The dark flat field image is optional. If you use dark flat field frames, the bias frames become optional.
If used, the dark flat field frames are acquired at the same ISO and exposure time as the flat field frames, but with no light reaching the camera's sensor. I acquire them just after acquiring the flat field frames, by capping the telescope's optical tube, setting the camera to shutter priority (Tv) mode, and setting the exposure time to be the same as the flat field exposure times. I acquire the same number of dark flat field frames as flat field frames, usually between 10 and 20.
During image processing, the master bias frame is subtracted from each dark flat frame, and then the dark flat frames are median combined to create the master dark flat frame. Then the master bias frame is subtracted from each flat field frame, followed by subtracting the master dark flat frame from each flat field frame. Finally, the bias and dark current-corrected flat field frames are combined and converted to grayscale to produce the master flat frame.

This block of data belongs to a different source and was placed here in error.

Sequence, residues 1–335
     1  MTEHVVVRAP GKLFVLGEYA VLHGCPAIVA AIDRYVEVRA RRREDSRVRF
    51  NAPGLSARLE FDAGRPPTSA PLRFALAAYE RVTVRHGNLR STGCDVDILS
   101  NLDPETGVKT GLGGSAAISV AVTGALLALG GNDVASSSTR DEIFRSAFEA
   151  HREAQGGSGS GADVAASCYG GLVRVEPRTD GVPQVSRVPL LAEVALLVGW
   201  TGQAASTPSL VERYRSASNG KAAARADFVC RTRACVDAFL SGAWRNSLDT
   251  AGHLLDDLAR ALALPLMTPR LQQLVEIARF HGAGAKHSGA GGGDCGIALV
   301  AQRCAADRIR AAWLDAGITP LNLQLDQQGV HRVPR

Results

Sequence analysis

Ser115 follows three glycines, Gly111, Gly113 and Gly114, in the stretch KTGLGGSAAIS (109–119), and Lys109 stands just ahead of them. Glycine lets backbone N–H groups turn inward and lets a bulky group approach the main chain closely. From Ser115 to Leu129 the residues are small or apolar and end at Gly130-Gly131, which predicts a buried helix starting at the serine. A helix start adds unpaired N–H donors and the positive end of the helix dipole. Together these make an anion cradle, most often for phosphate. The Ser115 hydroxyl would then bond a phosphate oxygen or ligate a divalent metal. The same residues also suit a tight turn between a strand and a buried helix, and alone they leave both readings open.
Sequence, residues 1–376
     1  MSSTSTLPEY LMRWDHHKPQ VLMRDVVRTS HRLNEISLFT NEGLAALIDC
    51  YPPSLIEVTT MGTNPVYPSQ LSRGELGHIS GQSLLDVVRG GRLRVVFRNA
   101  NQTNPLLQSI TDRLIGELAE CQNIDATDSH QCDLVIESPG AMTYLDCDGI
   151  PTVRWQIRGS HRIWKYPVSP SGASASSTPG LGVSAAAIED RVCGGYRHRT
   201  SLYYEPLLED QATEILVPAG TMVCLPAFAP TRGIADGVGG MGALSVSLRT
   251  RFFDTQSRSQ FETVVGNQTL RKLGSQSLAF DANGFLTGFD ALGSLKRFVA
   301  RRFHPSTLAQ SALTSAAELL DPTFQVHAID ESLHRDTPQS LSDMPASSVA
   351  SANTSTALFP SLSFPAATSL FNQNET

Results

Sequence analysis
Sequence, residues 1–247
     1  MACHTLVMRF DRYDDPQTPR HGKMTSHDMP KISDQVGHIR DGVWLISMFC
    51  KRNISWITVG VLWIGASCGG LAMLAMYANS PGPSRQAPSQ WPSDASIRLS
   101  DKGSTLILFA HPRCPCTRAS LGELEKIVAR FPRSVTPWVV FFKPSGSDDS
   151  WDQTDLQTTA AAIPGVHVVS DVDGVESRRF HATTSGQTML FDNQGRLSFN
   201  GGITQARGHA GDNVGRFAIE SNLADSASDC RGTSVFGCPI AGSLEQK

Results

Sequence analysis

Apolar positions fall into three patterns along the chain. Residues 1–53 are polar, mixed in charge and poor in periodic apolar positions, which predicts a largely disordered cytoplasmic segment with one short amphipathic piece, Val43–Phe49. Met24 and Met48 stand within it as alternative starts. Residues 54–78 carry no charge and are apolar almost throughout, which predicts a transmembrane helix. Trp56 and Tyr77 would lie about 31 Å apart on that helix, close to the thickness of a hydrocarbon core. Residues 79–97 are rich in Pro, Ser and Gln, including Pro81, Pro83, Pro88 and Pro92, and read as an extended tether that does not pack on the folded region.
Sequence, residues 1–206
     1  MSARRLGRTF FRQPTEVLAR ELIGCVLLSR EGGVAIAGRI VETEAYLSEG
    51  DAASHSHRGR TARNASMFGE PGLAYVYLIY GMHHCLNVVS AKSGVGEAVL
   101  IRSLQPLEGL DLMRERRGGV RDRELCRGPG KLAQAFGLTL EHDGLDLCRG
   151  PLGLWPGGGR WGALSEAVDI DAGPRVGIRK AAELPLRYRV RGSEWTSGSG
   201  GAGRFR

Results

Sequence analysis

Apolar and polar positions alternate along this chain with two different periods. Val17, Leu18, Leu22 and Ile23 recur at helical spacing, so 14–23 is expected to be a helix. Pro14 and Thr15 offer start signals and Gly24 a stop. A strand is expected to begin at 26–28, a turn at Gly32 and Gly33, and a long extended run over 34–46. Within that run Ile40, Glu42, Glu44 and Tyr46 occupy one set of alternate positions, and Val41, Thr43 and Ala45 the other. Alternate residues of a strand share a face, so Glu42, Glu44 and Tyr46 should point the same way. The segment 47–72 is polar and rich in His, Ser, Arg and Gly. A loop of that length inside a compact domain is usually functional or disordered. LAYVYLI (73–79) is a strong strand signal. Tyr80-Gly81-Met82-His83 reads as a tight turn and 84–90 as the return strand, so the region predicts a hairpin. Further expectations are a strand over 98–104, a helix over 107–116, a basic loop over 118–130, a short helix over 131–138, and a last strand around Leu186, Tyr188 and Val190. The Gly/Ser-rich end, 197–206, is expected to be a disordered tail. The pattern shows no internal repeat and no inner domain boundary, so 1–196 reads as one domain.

The purpose of the dark flat field is to remove dark current from the flat field frames before they are combined to make the master flat field. But since there should be practically no thermal noise in the short exposures characteristic of these frames, simply subtracting the bias frames from the non-bias-corrected flat field frames should yield essentially the same result as subtracting the bias-corrected master dark flat frame. And since the dark frames also contain the bias signal, subtracting a non-bias-corrected master dark frame from the light frames will remove the bias signal from the light frames.
So it is important to use dark flat frames unless you use bias frames, and vice versa. And it is also perfectly acceptable to use both - I typically do.